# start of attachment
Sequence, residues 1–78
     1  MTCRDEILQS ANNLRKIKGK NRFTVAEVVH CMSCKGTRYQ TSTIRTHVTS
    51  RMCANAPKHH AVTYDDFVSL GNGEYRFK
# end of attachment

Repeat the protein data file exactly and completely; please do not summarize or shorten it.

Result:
Sequence, residues 1–78
     1  MTCRDEILQS ANNLRKIKGK NRFTVAEVVH CMSCKGTRYQ TSTIRTHVTS
    51  RMCANAPKHH AVTYDDFVSL GNGEYRFK